Bike games including the tire toss drew huge crowds all weekend
Bike games including the tire toss drew huge crowds all weekend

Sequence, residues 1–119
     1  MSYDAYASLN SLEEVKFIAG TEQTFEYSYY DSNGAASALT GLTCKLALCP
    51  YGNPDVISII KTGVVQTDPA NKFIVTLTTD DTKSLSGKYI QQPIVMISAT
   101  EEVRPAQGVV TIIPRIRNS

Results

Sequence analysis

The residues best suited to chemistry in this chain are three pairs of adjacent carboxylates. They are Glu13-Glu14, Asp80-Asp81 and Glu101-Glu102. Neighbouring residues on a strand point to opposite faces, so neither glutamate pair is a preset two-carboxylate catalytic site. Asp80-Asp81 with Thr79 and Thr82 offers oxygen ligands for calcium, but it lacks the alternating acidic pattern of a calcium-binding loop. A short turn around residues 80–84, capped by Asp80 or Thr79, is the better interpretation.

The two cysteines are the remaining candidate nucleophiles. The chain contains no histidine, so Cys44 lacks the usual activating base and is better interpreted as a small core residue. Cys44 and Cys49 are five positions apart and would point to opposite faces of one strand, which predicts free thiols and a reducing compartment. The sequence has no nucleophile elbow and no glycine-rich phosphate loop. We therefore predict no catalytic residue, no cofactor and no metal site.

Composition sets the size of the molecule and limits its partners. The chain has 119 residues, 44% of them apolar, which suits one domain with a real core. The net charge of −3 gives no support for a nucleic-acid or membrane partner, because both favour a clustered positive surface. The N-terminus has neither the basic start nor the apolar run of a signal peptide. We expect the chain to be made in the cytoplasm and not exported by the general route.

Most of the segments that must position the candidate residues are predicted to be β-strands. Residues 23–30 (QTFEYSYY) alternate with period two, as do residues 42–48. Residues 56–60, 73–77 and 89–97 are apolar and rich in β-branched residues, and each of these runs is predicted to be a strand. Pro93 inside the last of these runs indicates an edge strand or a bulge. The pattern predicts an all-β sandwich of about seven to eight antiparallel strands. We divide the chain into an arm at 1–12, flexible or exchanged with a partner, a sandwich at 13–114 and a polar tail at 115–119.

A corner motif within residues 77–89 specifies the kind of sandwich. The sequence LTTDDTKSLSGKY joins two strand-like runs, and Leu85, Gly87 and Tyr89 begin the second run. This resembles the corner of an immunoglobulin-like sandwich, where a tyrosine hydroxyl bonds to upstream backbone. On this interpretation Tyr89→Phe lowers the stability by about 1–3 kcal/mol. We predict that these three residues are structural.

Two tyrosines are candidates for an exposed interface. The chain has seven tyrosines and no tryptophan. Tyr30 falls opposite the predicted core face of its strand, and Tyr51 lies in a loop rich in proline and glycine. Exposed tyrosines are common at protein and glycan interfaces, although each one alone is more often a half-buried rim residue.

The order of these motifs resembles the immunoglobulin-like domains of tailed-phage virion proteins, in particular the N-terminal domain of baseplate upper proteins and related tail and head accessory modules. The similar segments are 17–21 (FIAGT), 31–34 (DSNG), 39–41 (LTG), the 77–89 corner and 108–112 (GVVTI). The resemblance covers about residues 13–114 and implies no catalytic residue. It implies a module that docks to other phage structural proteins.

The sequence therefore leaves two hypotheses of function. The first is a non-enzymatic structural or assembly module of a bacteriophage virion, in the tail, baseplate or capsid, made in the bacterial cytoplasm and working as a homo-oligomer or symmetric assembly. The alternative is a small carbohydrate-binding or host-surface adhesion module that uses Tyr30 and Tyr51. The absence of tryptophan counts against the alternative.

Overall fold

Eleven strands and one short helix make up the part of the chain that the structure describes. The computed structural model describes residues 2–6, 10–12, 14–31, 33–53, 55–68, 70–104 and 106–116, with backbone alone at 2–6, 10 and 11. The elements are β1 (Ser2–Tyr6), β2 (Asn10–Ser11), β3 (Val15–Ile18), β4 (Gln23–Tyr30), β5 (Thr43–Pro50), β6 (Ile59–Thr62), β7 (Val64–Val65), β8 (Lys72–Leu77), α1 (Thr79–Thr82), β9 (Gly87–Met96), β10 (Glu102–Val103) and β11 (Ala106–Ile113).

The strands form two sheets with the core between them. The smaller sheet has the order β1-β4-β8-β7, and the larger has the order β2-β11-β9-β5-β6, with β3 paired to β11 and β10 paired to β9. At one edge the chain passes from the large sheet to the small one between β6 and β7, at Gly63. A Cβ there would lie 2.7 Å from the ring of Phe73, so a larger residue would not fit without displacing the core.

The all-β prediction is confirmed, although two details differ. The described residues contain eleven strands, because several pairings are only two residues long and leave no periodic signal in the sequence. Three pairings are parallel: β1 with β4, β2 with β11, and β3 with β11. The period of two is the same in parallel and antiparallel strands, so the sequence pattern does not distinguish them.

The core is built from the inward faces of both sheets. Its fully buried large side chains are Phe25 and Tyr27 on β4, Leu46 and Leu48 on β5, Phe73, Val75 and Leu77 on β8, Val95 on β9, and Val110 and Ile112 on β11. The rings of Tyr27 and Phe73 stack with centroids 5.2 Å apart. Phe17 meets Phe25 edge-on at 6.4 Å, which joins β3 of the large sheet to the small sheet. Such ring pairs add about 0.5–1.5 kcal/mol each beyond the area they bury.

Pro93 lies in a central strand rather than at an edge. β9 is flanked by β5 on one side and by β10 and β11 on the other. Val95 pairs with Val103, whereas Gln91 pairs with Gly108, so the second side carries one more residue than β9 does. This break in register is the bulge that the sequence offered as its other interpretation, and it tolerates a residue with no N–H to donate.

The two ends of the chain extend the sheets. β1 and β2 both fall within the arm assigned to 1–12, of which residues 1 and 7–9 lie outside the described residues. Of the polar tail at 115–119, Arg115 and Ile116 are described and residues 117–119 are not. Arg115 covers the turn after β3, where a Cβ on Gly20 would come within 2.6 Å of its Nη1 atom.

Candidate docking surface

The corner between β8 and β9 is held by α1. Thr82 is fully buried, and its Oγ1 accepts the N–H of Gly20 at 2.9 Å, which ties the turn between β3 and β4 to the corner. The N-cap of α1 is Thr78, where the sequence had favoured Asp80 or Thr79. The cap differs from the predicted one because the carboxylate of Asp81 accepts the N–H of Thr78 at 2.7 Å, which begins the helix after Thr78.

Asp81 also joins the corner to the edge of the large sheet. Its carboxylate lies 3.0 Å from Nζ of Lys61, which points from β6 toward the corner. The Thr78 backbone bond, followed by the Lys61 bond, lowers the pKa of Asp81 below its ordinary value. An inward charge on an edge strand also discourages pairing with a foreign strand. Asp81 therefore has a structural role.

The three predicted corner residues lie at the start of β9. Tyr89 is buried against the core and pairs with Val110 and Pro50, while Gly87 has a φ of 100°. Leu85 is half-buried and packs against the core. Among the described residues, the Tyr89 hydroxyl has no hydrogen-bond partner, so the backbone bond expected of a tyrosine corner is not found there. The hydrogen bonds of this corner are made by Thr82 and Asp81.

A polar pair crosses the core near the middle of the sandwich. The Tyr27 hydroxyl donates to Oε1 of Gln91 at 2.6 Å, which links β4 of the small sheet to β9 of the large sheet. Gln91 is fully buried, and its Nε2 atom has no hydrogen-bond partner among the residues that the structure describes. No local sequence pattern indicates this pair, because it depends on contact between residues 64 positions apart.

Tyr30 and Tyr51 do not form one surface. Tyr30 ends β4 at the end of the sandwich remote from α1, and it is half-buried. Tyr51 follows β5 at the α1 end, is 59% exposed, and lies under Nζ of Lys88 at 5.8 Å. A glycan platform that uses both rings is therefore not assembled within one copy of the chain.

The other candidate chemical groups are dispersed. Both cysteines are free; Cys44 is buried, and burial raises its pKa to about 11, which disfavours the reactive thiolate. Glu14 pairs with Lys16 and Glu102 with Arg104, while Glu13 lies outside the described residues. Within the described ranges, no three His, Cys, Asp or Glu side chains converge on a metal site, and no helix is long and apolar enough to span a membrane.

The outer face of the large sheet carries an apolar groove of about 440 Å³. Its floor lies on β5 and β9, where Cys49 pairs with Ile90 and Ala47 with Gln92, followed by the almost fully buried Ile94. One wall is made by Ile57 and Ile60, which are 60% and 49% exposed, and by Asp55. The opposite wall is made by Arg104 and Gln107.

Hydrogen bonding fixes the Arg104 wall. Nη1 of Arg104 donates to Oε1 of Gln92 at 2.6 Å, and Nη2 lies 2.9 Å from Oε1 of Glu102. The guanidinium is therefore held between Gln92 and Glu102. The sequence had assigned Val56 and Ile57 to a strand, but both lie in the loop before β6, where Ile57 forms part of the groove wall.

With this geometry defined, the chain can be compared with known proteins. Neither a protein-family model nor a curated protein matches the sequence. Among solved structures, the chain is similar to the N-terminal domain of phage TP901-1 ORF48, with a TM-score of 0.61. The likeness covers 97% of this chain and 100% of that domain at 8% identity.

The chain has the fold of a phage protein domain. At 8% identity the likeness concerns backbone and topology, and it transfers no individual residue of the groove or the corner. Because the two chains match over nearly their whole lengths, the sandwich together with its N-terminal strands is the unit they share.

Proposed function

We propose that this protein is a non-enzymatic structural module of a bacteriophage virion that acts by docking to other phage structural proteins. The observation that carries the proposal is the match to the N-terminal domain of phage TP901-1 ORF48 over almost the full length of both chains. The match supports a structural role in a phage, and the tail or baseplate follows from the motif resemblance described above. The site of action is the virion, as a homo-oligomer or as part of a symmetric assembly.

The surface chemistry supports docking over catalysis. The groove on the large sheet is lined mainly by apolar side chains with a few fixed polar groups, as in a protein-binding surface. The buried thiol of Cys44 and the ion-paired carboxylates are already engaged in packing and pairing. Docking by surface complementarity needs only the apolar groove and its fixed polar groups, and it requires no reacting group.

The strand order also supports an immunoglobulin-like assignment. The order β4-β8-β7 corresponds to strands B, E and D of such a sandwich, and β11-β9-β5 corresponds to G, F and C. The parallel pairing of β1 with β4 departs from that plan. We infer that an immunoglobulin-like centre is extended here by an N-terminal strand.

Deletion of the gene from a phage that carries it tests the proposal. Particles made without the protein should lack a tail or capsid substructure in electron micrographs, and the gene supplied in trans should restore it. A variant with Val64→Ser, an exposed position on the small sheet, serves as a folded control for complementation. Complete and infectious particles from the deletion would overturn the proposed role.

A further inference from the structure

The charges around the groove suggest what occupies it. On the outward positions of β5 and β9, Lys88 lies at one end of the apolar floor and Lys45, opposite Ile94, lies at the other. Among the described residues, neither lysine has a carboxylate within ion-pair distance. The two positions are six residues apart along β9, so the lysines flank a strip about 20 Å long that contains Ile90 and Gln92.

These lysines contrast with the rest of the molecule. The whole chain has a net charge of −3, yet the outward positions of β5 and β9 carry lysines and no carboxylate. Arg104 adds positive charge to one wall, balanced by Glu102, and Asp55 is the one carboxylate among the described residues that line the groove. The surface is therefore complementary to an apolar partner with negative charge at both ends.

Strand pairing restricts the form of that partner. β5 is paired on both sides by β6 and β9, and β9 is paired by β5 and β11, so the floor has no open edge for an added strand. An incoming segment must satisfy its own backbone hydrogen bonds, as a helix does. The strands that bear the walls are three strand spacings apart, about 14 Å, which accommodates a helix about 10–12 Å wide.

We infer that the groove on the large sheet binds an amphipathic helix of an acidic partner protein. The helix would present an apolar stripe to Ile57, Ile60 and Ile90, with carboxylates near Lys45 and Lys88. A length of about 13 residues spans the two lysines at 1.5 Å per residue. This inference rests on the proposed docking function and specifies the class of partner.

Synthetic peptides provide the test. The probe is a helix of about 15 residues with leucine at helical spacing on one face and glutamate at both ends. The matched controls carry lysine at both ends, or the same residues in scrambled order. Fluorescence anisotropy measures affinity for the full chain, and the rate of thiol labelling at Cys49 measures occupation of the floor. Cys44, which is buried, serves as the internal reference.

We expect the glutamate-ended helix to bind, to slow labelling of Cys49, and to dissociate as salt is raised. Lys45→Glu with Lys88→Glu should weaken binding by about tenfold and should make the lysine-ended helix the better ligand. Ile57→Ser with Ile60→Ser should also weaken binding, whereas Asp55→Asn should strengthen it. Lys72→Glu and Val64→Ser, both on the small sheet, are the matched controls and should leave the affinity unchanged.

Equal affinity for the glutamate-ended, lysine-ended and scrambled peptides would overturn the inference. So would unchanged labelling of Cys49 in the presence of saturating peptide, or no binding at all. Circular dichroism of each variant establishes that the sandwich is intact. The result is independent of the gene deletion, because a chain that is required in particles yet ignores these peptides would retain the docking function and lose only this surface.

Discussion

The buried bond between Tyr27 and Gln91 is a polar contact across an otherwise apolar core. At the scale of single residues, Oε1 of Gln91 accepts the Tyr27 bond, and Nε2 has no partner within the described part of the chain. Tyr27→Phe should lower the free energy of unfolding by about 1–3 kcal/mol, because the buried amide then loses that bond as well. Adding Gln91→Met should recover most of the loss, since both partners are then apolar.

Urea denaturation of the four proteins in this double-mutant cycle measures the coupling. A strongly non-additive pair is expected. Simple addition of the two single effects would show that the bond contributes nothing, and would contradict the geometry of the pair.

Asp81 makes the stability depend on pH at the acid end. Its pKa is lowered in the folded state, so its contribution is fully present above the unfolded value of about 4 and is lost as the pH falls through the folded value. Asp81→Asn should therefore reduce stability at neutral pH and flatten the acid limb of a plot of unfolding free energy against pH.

As the sun went down many people headed to the dining room to enjoy the cuisine at the international buffet. Downstairs is the nightclub and outside behind that is the beer garden, several bars with food, a covered area and the main stage. After a ride through the bar, the builders’ bikes are displayed in front of the stage. On Friday night the Outlaws came all the way from gator country to play. On Saturday night the Marshall Tucker Band put on a phenomenal show. Both nights, the band Shovelhead kept the crowd rocking with their hard-driving sounds. One more musical treat was Artimus Pyle, one of the original members of Lynyrd Skynyrd, who played in the club both nights. He put on a great show and was happy to hang out and pose for pictures with the crowd. One of my favorite shots was Artimus with the girl from the body painting show. In addition to the musical entertainment, the Blackthorne also provides a platform to ride bikes on for aerial burnouts. It’s quite a sight when the smoke pours out from behind a bike, filling the air with the sweet smell of burning tire, and you have to look up to see it.